Dot, my little scientist, is curious about everything that captures her attention. Her inquisitive eyes sweep across quickly and spot things that we do not see – so sharp is her sight. She lays her hands to touch and feel things that stir her curiosity. She hits something with another object to hear what sound it produces. She smells some of the leaves like mint, pandan leaves and basil.

Dot is out and about every weekday morning. We travel by bus to my parents’ place. Then we walk about 15 to 30 minutes to her place – this is the time where my little keen scientist is at work.

When she is on her feet, she runs off to examine anything that captures her interest. She is allowed to roam freely within certain range with minimum intervention, unless safety is compromised.

Along the way, she will pick up some berries, flowers, dried leaves and branches that fall by the wayside. With the berries in her hands, she will say, “Feed the birds” and she will go lookout for the birds. Sometimes she will pick the branches and hit the metal structure to produce sound and happily says, “Drum.”

Top: moth cocoons, bottom left: a live beetle on the ground, bottom right: a dead dragonfly

Children see the world on a different level from us. Get down to your children’s level and take a look at what they see. A fresh and different perspective.

She loves to share her exciting discovery with me and I will take the opportunity to share with her more about what she has discovered. I will also point out familiar and unfamiliar things around. “Look at the tree, flowers, leaves!”, “Dot, can you see the cocoons?” or “Wow! Look at what we find here. A beetle.”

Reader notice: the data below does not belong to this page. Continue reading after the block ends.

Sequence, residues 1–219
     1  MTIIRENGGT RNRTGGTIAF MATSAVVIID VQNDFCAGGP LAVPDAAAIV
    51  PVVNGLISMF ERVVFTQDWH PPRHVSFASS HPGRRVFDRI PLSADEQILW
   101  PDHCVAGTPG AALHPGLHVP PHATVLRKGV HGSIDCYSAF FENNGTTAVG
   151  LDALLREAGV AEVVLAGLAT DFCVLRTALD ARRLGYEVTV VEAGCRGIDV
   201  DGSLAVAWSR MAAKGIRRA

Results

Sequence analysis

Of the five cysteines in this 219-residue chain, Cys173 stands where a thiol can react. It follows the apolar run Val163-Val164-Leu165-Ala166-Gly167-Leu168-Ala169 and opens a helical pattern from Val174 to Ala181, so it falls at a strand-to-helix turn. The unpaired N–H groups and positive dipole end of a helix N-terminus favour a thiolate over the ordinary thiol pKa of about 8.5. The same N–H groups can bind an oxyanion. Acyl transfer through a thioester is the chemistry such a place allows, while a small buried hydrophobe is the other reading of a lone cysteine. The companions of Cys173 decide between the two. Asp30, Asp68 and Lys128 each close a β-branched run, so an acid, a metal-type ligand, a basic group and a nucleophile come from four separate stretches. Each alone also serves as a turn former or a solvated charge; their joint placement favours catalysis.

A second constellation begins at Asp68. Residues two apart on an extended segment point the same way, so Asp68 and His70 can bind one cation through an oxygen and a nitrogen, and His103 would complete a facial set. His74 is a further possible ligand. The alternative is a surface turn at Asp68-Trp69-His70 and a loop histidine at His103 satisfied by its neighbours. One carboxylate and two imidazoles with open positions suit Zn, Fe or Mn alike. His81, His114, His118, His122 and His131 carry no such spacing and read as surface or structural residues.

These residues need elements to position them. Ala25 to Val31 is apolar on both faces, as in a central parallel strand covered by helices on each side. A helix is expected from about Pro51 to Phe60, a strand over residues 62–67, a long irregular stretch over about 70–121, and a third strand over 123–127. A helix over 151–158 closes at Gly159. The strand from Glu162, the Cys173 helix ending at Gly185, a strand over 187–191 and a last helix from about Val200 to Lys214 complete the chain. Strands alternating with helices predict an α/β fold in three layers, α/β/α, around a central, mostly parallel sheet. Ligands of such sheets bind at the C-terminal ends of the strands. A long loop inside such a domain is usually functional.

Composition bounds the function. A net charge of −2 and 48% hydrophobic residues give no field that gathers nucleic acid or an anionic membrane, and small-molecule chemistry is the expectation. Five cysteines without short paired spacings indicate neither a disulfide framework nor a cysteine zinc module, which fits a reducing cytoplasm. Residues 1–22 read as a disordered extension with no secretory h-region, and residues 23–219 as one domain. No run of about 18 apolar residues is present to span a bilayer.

Recently we spotted a few insects along the way. These were our unexpected finds. (see images on the right)

As I learn to slow down my pace to adjust to Dot’s, I rediscover the sense of wonder through her eyes. Here I am, learning to learn again.

Dot’s aunt gave her a little fish tank with five little fishes in late September 2011. J and I were a bit hesitant then as we did not know whether Dot would be able to handle them with ‘care’. Seeing her excitement when she saw the little fishes, we relented and she had her little fishes brought home safety.

We teach Dot to feed the little fishes twice a day and she has been happily doing it so far. Caring for little aquatic pets teaches Dot responsibility.

Once, she dipped her little dolphin, a plush toy, into the water, probably thinking that it could swim!

Some of the fishes we had did not survive and J decided not to buy anymore fish. Instead he decided to catch some little fish from the canal near his parents’ place. We went and caught a bag of little fish and some snails to fill our almost empty fish tank.

All of us are so happy to see our little aquarium brimming with life again!


I am very fascinated by the little snails. Once I spotted one of the snails literally diving to the bottom of the tank. I have never seen a snail dived! So amusing!